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doi: 10.17221/154/2015-HORTSCI Table 2. The effect of NPK and bioproducts, used alone or enriched with beneficial bacteria on the rate of transpiration, stomatal conductance and photosynthesis in the leaves, and on the trunk thickness of cv. Topaz apple trees grown at Experimental Orchard in Dąbrowice, 2014

Treatments

Transpiration (mmol H2O m–2 s–1)

Stomatal conductance (mol m–2 s–1)

Photosynthesis (mmol CO2 m–2 s–1)

Tree trunk thickness (mm) November

July

August

July

August

July

August

NPK (control)

3.95abc

1.97ab

0.22bcd

0.43b–e

14.67c

13.65a–d

26cd

31.39b

Fertigo

2.66fgh

2.02a

0.11e

0.43cde

 8.26d

13.70a–d

24.02d

31.81ab

Micosat

3.65a–d

1.99ab

0.21cde

0.40c–f

14.13c

14.17abc

23.77d

32.1ab

a–d

efg

ab

1.52d–g

0.31ab

0.30efg

16.13abc

11.24cd

30.46abc

33.99ab

BioFeed Quality

4.06ab

1.72a–e

0.28a–d

0.51a–d

17.84abc

12.21a–d

32.12ab

35.97ab

a–e

bcd

cde

32.44ab

Yeast

3.46b–e

1.85a–d

0.23bcd

0.54abc

14.15c

14.34ab

27.69a–d

30.32b

Vinassa

3.97abc

1.91abc

0.31ab

0.60a

17.06abc

14.43ab

31.27abc

35.71ab

abc

e–h

a–d

32.19ab

1.44

Florovit Eko

3.57bcd

1.47efg

0.31ab

0.35defg

16.48abc

12.76a–d

29a–d

NPK + bacteria

2.44h

1.26f–i

0.26a–d

0.30efg

17.96abc

12.56a–d

27.1a–d

h

ghi

efg

abc

de

32.09ab

2.52gh

1.10hi

0.20de

0.28efg

15.48bc

12.81a–d

31.43abc

34.21ab

Humus UP + bacteria

2.65fgh

1.25f–i

0.22bcd

0.29efg

15.16bc

12.84a–d

30.25abc

33.54ab

Humus Active + Aktywit PM + bacteria

3.12d–h

1.27f–i

0.28a–d

0.27fg

16.74abc

11.72bcd

31.54abc

36.01ab

BioFeed Quality + bacteria

3.16d–g

1.05i

0.31ab

0.20g

19.11ab

10.91d

29.43a–d

32.25ab

1.56c–f

0.22bcd

0.43b–e

17.11abc

13.56a–d

31.87abc

35.7ab

Vinassa + bacteria

3.17d–g

1.94ab

0.27a–d

0.64a

17.89abc

14.74a

32.24ab

35.76ab

Florovit Natura + bacteria

3.31

Florovit Eko + bacteria

3.05d–h

1.84

1.74a–e

0.30

0.58

0.27a–d

0.51abc

19.63

a

16.90abc

12.57

14.36

ab

13.91abc

32.46

36.32ab

2.83e–h

ab

17.22

ab

Yeast + bacteria

abc

0.33

a–d

3.13

a–d

0.29

abc

BioFeed Amin + bacteria

c–f

1.47

efg

29.33

30.04b

a–d

Micosat + bacteria

abcd

14.22

ab

32.68ab

2.45

efg

15.97

13.90

Fertigo + bacteria

d–h

0.30

17.12

28.86

3.87

0.19

0.35

abc

Florovit Natura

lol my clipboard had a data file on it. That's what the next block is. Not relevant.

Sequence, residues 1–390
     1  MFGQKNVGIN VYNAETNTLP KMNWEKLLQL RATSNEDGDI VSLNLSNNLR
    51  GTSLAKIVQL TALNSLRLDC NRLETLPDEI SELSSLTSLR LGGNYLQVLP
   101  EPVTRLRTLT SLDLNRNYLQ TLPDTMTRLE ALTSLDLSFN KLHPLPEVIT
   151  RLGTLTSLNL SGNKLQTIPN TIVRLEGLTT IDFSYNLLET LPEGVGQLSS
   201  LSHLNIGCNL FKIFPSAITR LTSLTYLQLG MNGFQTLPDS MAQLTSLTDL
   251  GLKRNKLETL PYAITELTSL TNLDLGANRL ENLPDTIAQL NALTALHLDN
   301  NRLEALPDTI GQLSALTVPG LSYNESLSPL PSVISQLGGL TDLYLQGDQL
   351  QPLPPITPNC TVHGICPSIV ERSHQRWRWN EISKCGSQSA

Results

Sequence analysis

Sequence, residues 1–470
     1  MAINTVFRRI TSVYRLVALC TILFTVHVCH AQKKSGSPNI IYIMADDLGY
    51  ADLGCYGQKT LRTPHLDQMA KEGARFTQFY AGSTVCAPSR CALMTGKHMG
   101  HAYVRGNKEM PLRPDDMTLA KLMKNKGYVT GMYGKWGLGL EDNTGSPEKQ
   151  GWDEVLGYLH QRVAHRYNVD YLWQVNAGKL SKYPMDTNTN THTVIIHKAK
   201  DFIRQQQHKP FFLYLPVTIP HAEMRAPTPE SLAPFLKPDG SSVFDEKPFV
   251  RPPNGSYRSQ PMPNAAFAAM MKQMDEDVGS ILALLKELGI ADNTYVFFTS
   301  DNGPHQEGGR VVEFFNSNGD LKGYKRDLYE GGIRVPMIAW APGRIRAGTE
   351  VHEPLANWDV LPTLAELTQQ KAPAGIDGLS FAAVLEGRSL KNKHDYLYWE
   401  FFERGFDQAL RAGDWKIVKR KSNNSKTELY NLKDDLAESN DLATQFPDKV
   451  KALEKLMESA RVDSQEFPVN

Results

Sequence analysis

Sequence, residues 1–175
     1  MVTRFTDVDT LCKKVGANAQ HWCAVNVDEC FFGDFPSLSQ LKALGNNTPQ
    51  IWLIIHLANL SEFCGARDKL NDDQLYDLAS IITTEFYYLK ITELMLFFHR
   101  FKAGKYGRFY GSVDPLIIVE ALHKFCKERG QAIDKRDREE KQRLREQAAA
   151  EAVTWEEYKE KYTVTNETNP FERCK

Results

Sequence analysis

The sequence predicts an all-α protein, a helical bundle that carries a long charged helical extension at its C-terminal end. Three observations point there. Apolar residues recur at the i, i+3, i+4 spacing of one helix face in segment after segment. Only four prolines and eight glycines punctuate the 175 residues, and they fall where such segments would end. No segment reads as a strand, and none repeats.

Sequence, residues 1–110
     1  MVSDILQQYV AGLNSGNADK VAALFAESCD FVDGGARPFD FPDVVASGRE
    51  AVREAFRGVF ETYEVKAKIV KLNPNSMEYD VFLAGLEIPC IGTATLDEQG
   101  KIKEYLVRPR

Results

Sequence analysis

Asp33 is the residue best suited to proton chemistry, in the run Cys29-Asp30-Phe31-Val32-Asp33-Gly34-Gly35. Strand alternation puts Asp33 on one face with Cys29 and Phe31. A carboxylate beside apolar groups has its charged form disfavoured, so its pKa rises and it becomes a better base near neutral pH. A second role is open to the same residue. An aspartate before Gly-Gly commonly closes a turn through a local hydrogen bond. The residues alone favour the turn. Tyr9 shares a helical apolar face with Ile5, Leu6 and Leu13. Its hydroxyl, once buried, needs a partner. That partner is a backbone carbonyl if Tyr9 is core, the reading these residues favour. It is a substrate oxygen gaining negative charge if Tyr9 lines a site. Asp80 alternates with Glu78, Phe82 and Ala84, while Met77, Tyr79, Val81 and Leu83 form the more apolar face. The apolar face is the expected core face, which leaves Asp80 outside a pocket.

1.17

0.34

abc

29.59

a–d

3.61

efg

13.52

a–d

26.62

BioFeed Amin

a

15.08

c

12.19

34.71ab

4.29a

0.42

16.73

bcd

Humus Active + Aktywit PM

0.22

0.33

a–d

4.10

1.78

0.28

abc

Humus UP

a–d

1.65

b–e

July

33.05

a

32.32ab

38.28a 35.73ab

means not sharing the same letter(s) with in each column, are significantly different at 0.05 level of probability

eficial bacteria with Fertigo, Micosat, Humus UP or Yeast. In August, it was markedly increased by the application of Vinassa alone or mixed with beneficial bacteria as compared to NPK. Photosynthetic rate in July was higher than in August. In July, it was improved by the addition of beneficial bacteria to Florovit Natura and BioFeed Quality comparing with NPK. In August, it was significantly improved by the addition of beneficial bacteria to Vinassa over Humus Active + Aktywit PM or BioFeed Quality enriched with beneficial bacteria and Humus Active + Aktywit PM. The data in Table 2 also cleared that the tree trunk thickness was markedly increased by the application of Florovit Natura enriched with beneficial bacteria in July and in November over NPK treatment. Furthermore, it was remarkably 108

enhanced by the addition of beneficial bacteria to BioFeed Amin, Vinassa and Florovit Eko comparing with NPK treatment. In November, it was significantly enhanced by Florovit Natura vaccinated with beneficial bacteria over NPK, NPK + beneficial bacteria and Yeast. All the treatments increased the tree trunk thickness in November even they were used alone or mixed with beneficial bacteria over the control except NPK+ Bacteria and Yeast. Results in Table 3 cleared that Yeast supplemented with beneficial bacteria was the best treatment which gave the best yield in terms of fruit weight and number of fruits per tree over NPK control and the other treatments. Although Yeast plus beneficial bacteria markedly improved the fruit weight, the incremental increase in the number of fruit per tree was insignifi-